Air Canada and its pilots will give negotiations one last try in an effort to avoid having to accept a settlement that would be imposed under recently passed federal legislation.
The two sides announced Thursday night that they’ve agreed to return to the bargaining table for 10 days to try to reach a tentative deal under the guidance of a federal arbitrator.
The airline was poised to lock out the pilots earlier this year, but the move was short-circuited by the federal government, which passed legislation blocking either side from initiating job action and imposing a new contract.
The move was angrily received by many of its 3,000 pilots, and was followed by some pilots calling in sick on more than one occasion, disrupting the airline’s schedule and angering passengers.
Air Canada went to the Canada Industrial Relations Board, which said the so-called “sick-in,” which wasn’t officially backed by the union, amounted to an illegal strike.
It was unclear whether the angry response from the pilots played a role in propelling the two sides back to the bargaining table. Both sides announced a media blackout was being imposed on the talks and refused to elaborate beyond their brief news releases.
It’s likely the unrest among the pilots in the wake of the federal legislation is a force propelling the two sides back the table, says a labour expert at Queen’s University.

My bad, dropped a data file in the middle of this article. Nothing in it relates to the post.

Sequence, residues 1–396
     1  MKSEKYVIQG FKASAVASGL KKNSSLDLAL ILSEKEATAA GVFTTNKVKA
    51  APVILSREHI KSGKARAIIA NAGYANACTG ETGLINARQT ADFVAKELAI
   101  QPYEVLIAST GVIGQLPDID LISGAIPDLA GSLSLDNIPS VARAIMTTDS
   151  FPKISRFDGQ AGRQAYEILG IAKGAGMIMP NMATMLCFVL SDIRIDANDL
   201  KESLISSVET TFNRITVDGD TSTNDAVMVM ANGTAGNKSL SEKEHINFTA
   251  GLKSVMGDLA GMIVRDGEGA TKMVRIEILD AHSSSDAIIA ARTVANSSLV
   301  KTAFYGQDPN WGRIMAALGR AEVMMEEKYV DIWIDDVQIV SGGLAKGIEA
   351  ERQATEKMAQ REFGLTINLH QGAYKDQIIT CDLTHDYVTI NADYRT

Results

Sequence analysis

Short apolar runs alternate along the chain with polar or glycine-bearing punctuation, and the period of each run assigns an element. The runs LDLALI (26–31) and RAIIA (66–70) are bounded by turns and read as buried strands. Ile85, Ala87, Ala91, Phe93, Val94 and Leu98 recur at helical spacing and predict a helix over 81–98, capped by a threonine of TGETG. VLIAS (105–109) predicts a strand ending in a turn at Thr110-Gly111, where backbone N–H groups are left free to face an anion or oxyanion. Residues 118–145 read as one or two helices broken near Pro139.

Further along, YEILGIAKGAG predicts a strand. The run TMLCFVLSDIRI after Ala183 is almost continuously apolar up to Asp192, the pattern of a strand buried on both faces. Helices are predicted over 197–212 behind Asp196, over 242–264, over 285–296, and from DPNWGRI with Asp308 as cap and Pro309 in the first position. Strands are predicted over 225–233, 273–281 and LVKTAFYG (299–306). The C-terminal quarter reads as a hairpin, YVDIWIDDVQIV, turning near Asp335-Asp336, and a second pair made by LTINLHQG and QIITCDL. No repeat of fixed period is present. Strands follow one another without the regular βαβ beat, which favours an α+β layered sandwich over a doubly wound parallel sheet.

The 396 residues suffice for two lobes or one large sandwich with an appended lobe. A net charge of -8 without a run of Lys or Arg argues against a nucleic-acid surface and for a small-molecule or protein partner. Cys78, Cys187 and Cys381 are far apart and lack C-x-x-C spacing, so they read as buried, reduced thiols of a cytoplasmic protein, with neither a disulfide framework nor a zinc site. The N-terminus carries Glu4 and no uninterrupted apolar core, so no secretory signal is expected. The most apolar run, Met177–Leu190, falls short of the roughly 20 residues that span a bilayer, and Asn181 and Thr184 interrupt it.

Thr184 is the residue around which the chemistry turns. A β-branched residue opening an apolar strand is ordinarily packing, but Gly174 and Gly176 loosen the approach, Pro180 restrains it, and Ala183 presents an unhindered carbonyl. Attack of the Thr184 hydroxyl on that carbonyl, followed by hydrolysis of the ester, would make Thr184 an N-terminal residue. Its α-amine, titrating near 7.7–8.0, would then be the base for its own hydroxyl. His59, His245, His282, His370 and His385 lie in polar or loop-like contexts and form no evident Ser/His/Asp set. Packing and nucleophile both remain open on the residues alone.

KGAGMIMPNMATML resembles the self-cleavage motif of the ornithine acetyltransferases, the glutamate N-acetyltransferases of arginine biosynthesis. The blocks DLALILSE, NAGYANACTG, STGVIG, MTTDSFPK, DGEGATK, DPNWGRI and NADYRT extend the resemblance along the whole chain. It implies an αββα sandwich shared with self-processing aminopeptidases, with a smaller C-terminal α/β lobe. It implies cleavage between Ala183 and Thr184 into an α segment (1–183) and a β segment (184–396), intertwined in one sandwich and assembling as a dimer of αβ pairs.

“I think that the sick outs may have had an influence, but more because the pilot’s union is losing control and the (Air Canada) brand is being harmed by passenger disruptions,” George Smith, who was a former Air Canada employee relations director, said in an email.
“I think (Air Canada) probably orchestrated this in an attempt to ‘take back’ the collective bargaining process,” he said.
A news release from Air Canada simply said the federal legislation contained a clause that allows the two sides to ask an arbitrator to “facilitate” negotiations.
The Air Canada Pilots Association said in a release that Federal Labour Minister Lisa Raitt was to appoint an arbitrator soon. Once that was done, the negotiations could start. Ms. Raitt’s office did not immediately respond to requests for comment.
The pilot’s union said if the talks failed to produce a tentative agreement, the federal arbitration process imposing a settlement would proceed.
Air Canada has been beset by labour problems for most of the last year with all of its major unions.
The federal government also intervened this year to prevent a strike by Air Canada ground crews. Some ground staff in Toronto staged a wildcat strike to show their anger with the move disrupting the airline’s operations.
Last year Air Canada ticket agents and customer service staff staged a brief strike before reaching a deal after Ms. Raitt threatened to legislate them back to work. Ms. Raitt also pulled levers behind the scenes when flight attendants rejected a tentative agreement and held a strike vote.
The rollercoaster of labour unrest at Canada’s airline has prompted many of its customers to look at alternatives to getting to their destinations.
It’s a message that appears to have not been lost on Air Canada senior management. In a letter to airline staff last month, CEO Calin Rovinescu wrote: “Our immediate focus now has to be to work doubly hard to regain that confidence – and we have our work cut out for us as we’ve disappointed them all too frequently lately.”